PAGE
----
Company: cnbc, Activity: cnbc, Date: 2019-08-22  Authors: maggie fitzgerald
Keywords: news, cnbc, companies, dallas, fed, yield, rates, hed, open, feds, rate, president, consumer, cutting, kaplan, economy, curve, months, avoid, growth, mind


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The Fed didn’t need to cut rates in July, Kansas City Fed president says

Kansas City Federal Reserve President Esther George disagrees with the U.S. central bank’s move to cut interest rates last month, saying the economy is still strong. “My sense was we’ve added accommodation, and it wasn’t required in my view,” George told CNBC’s Steve Liesman in an interview that aired Thursday. The Fed cut interest rates by 25 basis points at its July meeting, citing “global developments ” and “muted inflation.” The central bank cut rates as China and the U.S. remain engaged in


Kansas City Federal Reserve President Esther George disagrees with the U.S. central bank’s move to cut interest rates last month, saying the economy is still strong. “My sense was we’ve added accommodation, and it wasn’t required in my view,” George told CNBC’s Steve Liesman in an interview that aired Thursday. The Fed cut interest rates by 25 basis points at its July meeting, citing “global developments ” and “muted inflation.” The central bank cut rates as China and the U.S. remain engaged in
The Fed didn’t need to cut rates in July, Kansas City Fed president says Cached Page below :
Company: cnbc, Activity: cnbc, Date: 2019-08-22  Authors: fred imbert
Keywords: news, cnbc, companies, trade, fed, george, rates, need, president, city, interview, didnt, look, war, cut, think, rate, kansas, united


The Fed didn't need to cut rates in July, Kansas City Fed president says

Kansas City Federal Reserve President Esther George disagrees with the U.S. central bank’s move to cut interest rates last month, saying the economy is still strong.

“My sense was we’ve added accommodation, and it wasn’t required in my view,” George told CNBC’s Steve Liesman in an interview that aired Thursday. “With this very low unemployment rate, with wages rising, with the inflation rate staying close to the Fed’s target, I think we’re in a good place relative to the mandates that we’re asked to achieve.”

Treasury yields ticked up after George’s comments aired.

The Fed cut interest rates by 25 basis points at its July meeting, citing “global developments ” and “muted inflation.” George, however, was one of two policymakers who voted to keep rates unchanged.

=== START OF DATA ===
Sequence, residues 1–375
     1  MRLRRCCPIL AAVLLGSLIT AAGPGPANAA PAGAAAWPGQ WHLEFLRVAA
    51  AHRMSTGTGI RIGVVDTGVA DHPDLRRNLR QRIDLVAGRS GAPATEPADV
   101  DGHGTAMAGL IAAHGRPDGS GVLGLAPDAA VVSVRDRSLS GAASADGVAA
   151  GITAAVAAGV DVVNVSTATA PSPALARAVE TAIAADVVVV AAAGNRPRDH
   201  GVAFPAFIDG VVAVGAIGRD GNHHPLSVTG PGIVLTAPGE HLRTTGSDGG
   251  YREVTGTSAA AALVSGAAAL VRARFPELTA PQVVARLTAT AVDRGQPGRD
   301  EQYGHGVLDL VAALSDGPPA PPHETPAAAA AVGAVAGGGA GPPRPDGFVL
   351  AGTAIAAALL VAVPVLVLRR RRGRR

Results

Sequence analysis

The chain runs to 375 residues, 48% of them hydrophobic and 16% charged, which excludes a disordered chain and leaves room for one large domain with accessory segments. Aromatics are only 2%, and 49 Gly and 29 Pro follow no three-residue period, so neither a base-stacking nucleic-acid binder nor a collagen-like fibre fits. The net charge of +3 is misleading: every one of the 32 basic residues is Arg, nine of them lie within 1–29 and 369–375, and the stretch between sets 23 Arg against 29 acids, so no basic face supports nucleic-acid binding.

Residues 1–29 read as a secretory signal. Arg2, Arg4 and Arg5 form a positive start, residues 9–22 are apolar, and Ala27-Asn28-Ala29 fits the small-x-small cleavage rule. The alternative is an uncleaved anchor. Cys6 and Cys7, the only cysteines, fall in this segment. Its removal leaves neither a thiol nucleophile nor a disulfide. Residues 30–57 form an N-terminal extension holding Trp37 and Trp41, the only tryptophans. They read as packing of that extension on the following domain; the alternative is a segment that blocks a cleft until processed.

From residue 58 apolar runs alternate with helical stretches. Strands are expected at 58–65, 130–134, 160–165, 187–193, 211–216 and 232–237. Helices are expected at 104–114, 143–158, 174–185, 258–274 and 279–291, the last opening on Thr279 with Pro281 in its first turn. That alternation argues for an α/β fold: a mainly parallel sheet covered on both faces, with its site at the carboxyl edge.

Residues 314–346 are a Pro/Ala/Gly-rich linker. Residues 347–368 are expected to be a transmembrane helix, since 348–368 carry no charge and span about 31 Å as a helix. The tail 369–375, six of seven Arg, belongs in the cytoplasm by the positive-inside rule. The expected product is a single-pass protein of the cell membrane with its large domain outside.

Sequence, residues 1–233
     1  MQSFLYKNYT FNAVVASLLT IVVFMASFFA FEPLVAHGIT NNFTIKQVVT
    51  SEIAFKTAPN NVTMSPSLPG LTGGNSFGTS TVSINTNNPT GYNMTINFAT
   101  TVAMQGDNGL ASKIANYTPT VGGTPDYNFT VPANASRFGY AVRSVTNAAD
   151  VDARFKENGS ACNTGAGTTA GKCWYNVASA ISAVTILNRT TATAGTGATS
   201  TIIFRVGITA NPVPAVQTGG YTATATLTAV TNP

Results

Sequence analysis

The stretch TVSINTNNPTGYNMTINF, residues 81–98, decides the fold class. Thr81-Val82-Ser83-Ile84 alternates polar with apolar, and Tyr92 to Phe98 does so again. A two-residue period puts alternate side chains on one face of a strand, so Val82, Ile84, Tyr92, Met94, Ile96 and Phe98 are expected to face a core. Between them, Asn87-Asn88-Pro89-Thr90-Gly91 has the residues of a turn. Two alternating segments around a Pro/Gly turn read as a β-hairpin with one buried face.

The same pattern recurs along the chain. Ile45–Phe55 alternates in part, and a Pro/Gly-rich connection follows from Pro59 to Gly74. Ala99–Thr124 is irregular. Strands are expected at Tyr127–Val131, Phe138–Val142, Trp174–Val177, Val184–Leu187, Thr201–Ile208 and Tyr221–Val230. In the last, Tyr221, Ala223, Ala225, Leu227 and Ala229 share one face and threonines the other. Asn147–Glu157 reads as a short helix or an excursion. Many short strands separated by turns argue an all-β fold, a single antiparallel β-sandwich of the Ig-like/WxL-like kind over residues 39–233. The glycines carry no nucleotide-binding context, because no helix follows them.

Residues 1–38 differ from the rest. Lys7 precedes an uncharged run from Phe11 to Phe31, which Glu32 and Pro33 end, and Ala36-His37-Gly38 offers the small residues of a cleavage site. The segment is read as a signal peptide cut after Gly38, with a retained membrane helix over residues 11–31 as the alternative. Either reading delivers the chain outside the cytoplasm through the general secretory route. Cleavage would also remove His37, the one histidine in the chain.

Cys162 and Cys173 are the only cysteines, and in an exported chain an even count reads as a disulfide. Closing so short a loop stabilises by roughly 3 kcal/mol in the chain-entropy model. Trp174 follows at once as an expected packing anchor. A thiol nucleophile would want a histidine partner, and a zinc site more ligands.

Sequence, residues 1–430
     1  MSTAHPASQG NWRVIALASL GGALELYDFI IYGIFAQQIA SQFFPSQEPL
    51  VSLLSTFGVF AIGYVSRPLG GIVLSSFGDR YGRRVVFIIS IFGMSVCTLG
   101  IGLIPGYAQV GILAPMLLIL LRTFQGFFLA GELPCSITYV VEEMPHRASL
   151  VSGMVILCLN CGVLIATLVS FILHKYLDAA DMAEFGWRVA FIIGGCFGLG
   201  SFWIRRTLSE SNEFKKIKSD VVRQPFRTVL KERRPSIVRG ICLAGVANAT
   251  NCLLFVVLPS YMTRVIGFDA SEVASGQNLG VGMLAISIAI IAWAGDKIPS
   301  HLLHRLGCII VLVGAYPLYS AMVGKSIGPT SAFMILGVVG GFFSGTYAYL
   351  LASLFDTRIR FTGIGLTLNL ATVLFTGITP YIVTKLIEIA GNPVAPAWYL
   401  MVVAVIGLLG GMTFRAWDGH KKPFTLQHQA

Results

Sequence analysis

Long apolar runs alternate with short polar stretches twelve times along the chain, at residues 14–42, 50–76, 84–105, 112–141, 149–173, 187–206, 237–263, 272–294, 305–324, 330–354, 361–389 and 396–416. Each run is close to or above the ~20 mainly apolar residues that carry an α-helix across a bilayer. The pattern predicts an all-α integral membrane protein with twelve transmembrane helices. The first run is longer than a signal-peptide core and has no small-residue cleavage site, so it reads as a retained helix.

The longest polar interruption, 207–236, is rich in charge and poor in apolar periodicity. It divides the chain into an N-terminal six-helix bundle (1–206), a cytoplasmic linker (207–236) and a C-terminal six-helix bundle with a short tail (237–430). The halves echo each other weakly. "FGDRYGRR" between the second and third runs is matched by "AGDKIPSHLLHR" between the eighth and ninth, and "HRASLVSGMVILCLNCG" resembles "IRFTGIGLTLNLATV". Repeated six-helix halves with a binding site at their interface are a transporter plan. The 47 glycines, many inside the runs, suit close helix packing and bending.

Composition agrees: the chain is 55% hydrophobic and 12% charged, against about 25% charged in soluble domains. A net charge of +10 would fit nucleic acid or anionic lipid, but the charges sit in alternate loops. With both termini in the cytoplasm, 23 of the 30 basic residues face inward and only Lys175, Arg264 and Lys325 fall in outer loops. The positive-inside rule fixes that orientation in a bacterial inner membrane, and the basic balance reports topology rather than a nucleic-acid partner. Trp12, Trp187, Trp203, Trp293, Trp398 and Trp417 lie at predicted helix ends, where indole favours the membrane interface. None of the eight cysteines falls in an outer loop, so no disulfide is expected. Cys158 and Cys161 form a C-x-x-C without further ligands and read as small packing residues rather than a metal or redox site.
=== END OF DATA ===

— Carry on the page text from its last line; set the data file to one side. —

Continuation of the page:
The central bank cut rates as China and the U.S. remain engaged in a trade war while economic activity outside of the United States slows. These dynamics have raised worries about the U.S. falling into a recession.

George said in the interview risks are now tilting to the downside. “As you look at global growth weakening and as you look at the amount of uncertainty associated with some of these trade issues, I think both of those are weighing on the outlook. Whether they spill over in a way that we see in the real economy is what I’m watching for.”

She added the U.S.-China trade war, which started last year, is impacting business investment in the United States.

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Company: cnbc, Activity: cnbc, Date: 2019-08-22  Authors: fred imbert
Keywords: news, cnbc, companies, trade, fed, george, rates, need, president, city, interview, didnt, look, war, cut, think, rate, kansas, united


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Analyst who turned heads by predicting a ‘Lehman-like’ plunge says we’re not out of the woods yet

A trader works at the New York Stock Exchange in New York, the United States, on Aug. 5, 2019. Nomura macro and quant strategist Masanari Takada made waves earlier this month with his prediction of a crisis-level plunge to arrive as soon as late August. The imminent risk for the market meltdown is Fed Chair Jerome Powell’s speech on Friday at the central bank’s annual Jackson Hole, Wyoming, symposium, the strategist said. “Investors should be on their guard until it becomes clear just how dovish